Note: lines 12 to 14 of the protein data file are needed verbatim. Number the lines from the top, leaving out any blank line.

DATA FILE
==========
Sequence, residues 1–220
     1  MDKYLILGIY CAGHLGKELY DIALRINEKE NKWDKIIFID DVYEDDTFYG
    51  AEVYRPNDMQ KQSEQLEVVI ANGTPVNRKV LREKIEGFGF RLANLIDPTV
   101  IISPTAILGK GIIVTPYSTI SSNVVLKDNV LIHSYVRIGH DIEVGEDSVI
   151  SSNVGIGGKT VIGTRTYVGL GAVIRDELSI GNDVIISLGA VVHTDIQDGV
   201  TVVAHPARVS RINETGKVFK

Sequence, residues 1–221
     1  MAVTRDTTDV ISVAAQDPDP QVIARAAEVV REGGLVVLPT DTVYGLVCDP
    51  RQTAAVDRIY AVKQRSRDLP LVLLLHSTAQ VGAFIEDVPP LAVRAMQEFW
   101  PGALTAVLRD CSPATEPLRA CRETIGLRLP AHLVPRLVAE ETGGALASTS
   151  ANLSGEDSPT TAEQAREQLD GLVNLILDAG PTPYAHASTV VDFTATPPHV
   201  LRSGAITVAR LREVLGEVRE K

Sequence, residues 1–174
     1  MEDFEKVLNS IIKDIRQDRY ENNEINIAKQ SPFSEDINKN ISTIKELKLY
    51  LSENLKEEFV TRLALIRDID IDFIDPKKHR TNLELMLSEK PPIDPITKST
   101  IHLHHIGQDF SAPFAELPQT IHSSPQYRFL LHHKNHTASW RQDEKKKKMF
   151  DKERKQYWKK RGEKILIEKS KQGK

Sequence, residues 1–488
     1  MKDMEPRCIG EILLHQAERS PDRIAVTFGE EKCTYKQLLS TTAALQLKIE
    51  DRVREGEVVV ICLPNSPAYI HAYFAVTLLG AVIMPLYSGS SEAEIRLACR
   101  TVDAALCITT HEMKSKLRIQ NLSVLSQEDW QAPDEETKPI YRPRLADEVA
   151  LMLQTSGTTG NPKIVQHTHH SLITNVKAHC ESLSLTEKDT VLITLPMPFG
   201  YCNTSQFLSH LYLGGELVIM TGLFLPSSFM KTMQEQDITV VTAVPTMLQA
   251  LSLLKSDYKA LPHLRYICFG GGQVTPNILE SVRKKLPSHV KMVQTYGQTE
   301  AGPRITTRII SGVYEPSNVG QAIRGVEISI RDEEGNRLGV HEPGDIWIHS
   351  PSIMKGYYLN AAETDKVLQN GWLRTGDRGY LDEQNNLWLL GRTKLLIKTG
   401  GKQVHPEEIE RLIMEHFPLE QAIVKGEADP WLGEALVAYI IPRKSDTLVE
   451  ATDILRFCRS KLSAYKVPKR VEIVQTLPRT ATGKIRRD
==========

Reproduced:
   201  LRSGAITVAR LREVLGEVRE K

Sequence, residues 1–174
     1  MEDFEKVLNS IIKDIRQDRY ENNEINIAKQ SPFSEDINKN ISTIKELKLY